Balto. County plans inspections of other houses after fatal fire

Officials will look at properties owned by landlord of home

October 03, 2001|By Andrew A. Green | Andrew A. Green,SUN STAFF

Baltimore County's Housing Office will inspect other properties owned by the landlord of a Dundalk home that burned Friday, killing a mother and her four daughters, and might revoke his participation in a federally subsidized housing program, officials said yesterday.

The county holds Section 8 rental assistance contracts for other houses owned by the landlord, identified in records as Edmund Ogonowski.

Officials are searching records to determine how many Section 8 units he owns or manages. One unit he does own is a house on the 6800 block of Dunbar Road, the block where the house burned. That contract will be terminated if Ogonowski fails to correct violations of U.S. Department of Housing and Urban Development's standards found in a recent inspection, officials have warned.

The county has no record of problems with other properties. But because of Ogonowski's history of housing violations, Lois Cramer, administrator of the county's Housing Office, sent him a notice by certified mail Monday informing him that the county would make unannounced inspections of his units, said Elise Armacost, spokeswoman for County Executive C.A. Dutch Ruppersberger.

If the inspections turn up no problems, it would be difficult for the county to decide whether to revoke Ogonowski's participation in the Section 8 program, said Maureen Robinson, spokeswoman for the county Department of Social Services.

"You hate to see units that are available to poor families taken off the market," she said. "On the other hand, this [fire] is a disaster."

The county has sent several letters to Ogonowski over the past six months advising him of problems with the house that burned and other properties, but officials question whether the right person received them.

Edmund Ogonowski Sr. owns many properties in the city and county, and they are managed by his sons, John and Edmund Jr. The house that burned was managed by Edmund Ogonowski Jr., said John Ogonowski.

The county correspondence is addressed to Edmund Ogonowski, with no notation of junior or senior, at a Reisterstown address.

John and Edmund Sr. said during the weekend that they knew of no problems with the house that burned, and Edmund Jr. did not return telephone calls yesterday and Monday.

In July, a routine Housing Office inspection of the house, rented by Michele Ferguson, turned up eight problems, including the lack of a working smoke detector on the second floor and soot on the furnace, an indication it wasn't burning fuel properly.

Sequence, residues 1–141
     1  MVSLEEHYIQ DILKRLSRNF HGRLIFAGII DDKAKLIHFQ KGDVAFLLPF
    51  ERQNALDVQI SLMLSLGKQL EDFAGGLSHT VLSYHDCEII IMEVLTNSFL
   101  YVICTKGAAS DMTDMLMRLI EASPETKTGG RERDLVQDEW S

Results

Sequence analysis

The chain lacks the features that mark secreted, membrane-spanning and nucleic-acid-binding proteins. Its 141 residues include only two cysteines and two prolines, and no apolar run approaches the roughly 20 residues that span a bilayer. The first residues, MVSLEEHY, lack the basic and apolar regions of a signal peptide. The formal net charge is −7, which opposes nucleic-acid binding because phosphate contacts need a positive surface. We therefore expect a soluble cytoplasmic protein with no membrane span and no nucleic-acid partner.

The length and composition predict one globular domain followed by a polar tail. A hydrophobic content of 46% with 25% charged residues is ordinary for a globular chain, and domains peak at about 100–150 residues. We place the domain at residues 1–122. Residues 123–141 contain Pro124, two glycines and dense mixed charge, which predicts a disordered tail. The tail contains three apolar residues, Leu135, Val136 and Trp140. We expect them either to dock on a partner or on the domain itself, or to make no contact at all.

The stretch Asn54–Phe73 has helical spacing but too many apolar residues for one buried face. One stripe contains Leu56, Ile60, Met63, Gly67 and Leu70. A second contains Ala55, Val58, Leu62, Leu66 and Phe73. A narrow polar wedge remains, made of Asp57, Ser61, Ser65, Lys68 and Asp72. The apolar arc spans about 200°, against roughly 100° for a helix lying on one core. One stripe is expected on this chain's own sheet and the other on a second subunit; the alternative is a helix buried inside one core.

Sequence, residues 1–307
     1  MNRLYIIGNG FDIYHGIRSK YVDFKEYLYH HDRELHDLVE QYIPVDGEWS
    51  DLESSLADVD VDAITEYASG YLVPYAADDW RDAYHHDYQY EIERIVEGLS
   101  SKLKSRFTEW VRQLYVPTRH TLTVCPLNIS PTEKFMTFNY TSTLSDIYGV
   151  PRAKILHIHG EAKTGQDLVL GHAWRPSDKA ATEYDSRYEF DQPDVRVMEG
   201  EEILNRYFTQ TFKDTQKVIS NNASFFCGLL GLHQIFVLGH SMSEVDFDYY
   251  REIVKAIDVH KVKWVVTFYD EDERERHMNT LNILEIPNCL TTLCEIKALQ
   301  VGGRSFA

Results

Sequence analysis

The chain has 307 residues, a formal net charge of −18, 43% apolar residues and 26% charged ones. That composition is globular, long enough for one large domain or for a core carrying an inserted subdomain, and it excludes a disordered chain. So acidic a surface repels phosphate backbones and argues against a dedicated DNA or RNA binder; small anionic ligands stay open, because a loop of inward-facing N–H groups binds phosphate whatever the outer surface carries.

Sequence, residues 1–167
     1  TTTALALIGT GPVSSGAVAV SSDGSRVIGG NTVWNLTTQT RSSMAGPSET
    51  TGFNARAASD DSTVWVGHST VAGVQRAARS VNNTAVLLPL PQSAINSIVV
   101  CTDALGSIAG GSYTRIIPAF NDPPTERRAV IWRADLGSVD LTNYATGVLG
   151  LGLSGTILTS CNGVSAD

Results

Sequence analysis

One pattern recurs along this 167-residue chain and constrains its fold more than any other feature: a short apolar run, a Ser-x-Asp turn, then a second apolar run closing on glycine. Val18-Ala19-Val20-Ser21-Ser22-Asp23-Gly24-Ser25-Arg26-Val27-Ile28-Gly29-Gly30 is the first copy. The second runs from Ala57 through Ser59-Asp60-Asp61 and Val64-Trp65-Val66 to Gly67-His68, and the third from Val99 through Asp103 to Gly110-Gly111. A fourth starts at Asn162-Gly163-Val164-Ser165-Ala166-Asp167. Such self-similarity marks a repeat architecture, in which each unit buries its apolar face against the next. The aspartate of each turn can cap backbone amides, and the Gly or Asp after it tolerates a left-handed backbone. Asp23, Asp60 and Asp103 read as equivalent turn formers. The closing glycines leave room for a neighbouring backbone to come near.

Because the Housing Office got no response to its letters to Edmund Ogonowski and found a month later that the problems hadn't been corrected, it terminated the Section 8 contract on the house in August, a routine step.

The county told Ferguson, 38, that she could stay in the house, at her own risk and without rental assistance, or she could get a voucher to move. She had an appointment two weeks ago to get the voucher but missed the meeting.

The county rescheduled, and on Sept. 26, she went to the Housing Office in Towson with her father, Robert Ferguson. They left with a voucher to allow her to move to a four-bedroom apartment.

Next, she was to find a new apartment, negotiate with the landlord and enter into a lease. By Friday, she hadn't had time to find a new place, said her mother, Carol Ferguson.

"She hadn't gotten all that together, but she had planned on moving because of the situation," Carol Ferguson said.

And since the inspection in July, the situation had gotten worse, Carol Ferguson said. Three windows in the house had broken during a recent storm, and Michelle Ferguson hadn't been able to get in touch with her landlord to get them fixed, her mother said.

It was 51 degrees Friday night in Dundalk, and Michelle Ferguson had four girls at home: Ina Johnson, 11; India Johnson, 9; Asia Jones, 2 and Ariel Jones, 1.

To keep warm, Ferguson put an electric heater upstairs and used the stove to heat downstairs, her parents said.

Yesterday, investigators hadn't determined the cause of the fire, said Lt. Vernon S. Adamson of the Baltimore County Fire Department. Firefighters have said it appeared the fire started in the kitchen.

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